When Mr Seyedin first started in China, the country was under major development. Harley traveled around China and witnessed poverty in the different villages, which prompted him to get involved in the country’s development and contribute to the growth of the local communities. One of his first projects was the construction of a power plant in the city of Dongguan, which the local community was eager to be included in. Mr Seyedin engaged the local community by providing them with 40 percent of the interests of the power plant, he trained members of the local community to operate the project, and he implemented only one expatriate in the project for the first three years. After the three years, no foreigners operated the project and it became a locally-owned business. The power plant was a success because of the centrality of the local community in the project. Harley emphasises that when a project is over, the local community should grow and prosper as a result. They have today shut down the power plant to reduce their carbon footprint, but the land has been kept and protected, providing new opportunities for the local community. Currently, they are developing the land into a massive industrial park to manufacture high technology products and medical equipment. The project also holds developmental components, including the building of a K-12 school system, a firehouse, an underground bus station, and creating thousands of jobs. In this way, his business operations are contributing to a positive and sustainable development of the local community.  An essential aspect in all of Harley’s work is sustainability. For him, sustainability is about ensuring a better future for our future generations. A sustainable business will raise the living standards of the people and communities affected by the business operations and investments and include them in the entire process, as Harley demonstrated in the development of the power plant and its transformation to a industrial park.

Promoting Sustainable Investments and Social Inclusiveness

In his work, Harley has a strong commitment to the promotion of sustainable investments: “my legacy in business will be long-term sources of sustainable revenue for the local communities in which I have undertaken development projects”. In the American Chamber of Commerce in South China, he works to help other companies make sustainable investments while simultaneously making profit, helping them overcome any adversities or difficulties they may face. In September 2022, he led a delegation of 116 business executives to the China International Fair for Investment and Trade, where the members of his delegation linked 2 billion USD in new sustainable investment deals. He also continues to lead the Chamber’s charitable events and projects. One project helps impoverished villages and raises money to pay for poor and orphaned children’s immediate life-saving medical procedures. The efforts they have put in place so far have directly contributed to saving the lives of 225 children. “I strongly believe that one of these children will make a massive difference in the world someday”, thus the saving of these children’s lives is an investment in the future and the development of a better world. 

Adapting to Uncertantity

We are living in unprecedented times affected by uncertainty. Harley Seyedin always keeps the threats of uncertainty in mind when developing business ideas, as one can never know what the future holds. Back in 2006, Harley had read an article, written by Keith Bradsher, about whether businesses are prepared in the case of an outbreak of a flu pandemic, which prompted him to conduct a survey of his businesses’ preparedness. They discovered that the companies were not prepared, and as a result developed and implemented a crisis plan in the case of such events. When the pandemic hit China in January 2020, Harley’s companies were some of the least hit in China due to the years devoted to preparing their crisis management plans. Mr Seyedin emphasises that although we have returned back to normal after the Covid-19 pandemic, businesses always have to be prepared for new crisis situations, seen with the devastating war in Ukraine. Businesses have to be adaptable and flexible, plan forward and be prepared for unexpected events.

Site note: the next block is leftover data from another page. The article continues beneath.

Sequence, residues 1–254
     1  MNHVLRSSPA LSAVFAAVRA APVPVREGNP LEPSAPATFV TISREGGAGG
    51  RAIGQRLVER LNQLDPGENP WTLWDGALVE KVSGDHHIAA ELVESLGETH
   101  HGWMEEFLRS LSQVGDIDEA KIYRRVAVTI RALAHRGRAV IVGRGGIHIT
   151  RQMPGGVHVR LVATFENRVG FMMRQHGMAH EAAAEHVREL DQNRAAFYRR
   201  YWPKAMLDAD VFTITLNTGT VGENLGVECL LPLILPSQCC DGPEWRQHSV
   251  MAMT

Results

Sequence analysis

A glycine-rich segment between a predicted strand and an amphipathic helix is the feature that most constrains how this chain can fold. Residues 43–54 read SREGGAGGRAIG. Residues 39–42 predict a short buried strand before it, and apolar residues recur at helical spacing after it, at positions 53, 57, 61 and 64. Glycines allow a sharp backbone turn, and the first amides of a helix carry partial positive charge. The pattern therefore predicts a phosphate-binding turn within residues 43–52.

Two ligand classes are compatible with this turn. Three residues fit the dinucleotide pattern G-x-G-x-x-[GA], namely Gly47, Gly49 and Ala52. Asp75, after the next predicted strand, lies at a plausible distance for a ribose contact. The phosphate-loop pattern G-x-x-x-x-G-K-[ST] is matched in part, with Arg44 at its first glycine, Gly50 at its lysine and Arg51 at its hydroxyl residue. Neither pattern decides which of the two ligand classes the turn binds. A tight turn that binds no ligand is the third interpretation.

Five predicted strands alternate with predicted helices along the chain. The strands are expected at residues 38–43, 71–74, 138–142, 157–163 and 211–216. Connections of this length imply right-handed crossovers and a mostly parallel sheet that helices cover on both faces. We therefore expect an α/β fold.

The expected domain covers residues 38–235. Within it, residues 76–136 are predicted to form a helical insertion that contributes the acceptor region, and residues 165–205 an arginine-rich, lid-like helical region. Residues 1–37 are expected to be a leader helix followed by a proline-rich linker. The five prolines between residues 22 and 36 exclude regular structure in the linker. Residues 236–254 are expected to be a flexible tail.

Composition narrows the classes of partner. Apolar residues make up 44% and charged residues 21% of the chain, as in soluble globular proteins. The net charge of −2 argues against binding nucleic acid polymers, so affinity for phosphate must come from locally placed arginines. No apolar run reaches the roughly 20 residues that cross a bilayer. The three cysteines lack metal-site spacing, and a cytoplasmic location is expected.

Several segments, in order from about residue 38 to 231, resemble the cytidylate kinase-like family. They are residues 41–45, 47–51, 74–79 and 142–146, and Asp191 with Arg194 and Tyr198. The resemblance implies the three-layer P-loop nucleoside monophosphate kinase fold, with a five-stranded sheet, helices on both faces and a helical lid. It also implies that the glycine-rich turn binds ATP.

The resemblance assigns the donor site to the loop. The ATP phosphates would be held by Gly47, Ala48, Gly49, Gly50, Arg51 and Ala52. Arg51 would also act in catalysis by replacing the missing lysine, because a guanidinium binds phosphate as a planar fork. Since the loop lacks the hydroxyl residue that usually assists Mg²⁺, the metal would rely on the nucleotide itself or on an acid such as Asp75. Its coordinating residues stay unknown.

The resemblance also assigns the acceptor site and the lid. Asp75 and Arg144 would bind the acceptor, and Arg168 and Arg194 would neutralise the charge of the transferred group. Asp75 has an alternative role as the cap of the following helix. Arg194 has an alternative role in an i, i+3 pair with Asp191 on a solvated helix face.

A Businessworthy Leader

We asked Harley Seyedin what makes a good business leader. Money is a core measure for a successful business and can enable the creation of positive change, but that alone cannot measure success and define a good business leader, he answered. A good business leader strives to do good for society such as engaging the local community affected by the business operations, create positive effects for the community, and help accelerate processes that will create positive change. For a business leader this might require different and unconventional ideas, but it will produce results in the long-term. A businessworthy leader contributes to society in a unique way, such as Harley Seyedin have demonstrated through his business operations in China. 

Harley Seyedin won the Oslo Business for Peace Award in  2017 for his businessworthy entrepreneurship, promoting social inclusiveness and opportunities for the dispossessed as systemic features of development. You can read more about him here

Interview with Juan Cano: Accelerating Sustainable Impact in Colombia

1 November 2022

During the last year, Juan Andrés Cano and the team at PeaceStartup have consolidated a new structure and business model centered around impact entrepreneurship. They are moving from being “simply” an NGO to solidifying their role as an impact accelerator. Their team is growing, and the number of projects they manage has also increased in just over a year. We sat down for a chat with Juan Andrés to discuss entrepreneurship and the impact of PeaceStartup in Colombia.